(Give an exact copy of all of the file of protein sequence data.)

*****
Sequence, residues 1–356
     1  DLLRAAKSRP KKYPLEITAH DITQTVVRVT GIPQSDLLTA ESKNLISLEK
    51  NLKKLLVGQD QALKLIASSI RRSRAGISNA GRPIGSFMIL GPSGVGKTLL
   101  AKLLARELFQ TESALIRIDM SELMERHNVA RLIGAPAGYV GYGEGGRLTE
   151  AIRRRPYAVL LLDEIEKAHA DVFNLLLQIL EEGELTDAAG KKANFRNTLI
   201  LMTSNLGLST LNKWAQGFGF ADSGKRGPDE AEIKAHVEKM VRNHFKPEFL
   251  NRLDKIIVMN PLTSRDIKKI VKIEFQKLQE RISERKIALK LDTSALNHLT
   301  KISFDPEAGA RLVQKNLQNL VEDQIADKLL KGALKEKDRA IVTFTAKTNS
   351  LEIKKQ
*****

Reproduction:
Sequence, residues 1–356
     1  DLLRAAKSRP KKYPLEITAH DITQTVVRVT GIPQSDLLTA ESKNLISLEK
    51  NLKKLLVGQD QALKLIASSI RRSRAGISNA GRPIGSFMIL GPSGVGKTLL
   101  AKLLARELFQ TESALIRIDM SELMERHNVA RLIGAPAGYV GYGEGGRLTE
   151  AIRRRPYAVL LLDEIEKAHA DVFNLLLQIL EEGELTDAAG KKANFRNTLI
   201  LMTSNLGLST LNKWAQGFGF ADSGKRGPDE AEIKAHVEKM VRNHFKPEFL
   251  NRLDKIIVMN PLTSRDIKKI VKIEFQKLQE RISERKIALK LDTSALNHLT
   301  KISFDPEAGA RLVQKNLQNL VEDQIADKLL KGALKEKDRA IVTFTAKTNS
   351  LEIKKQ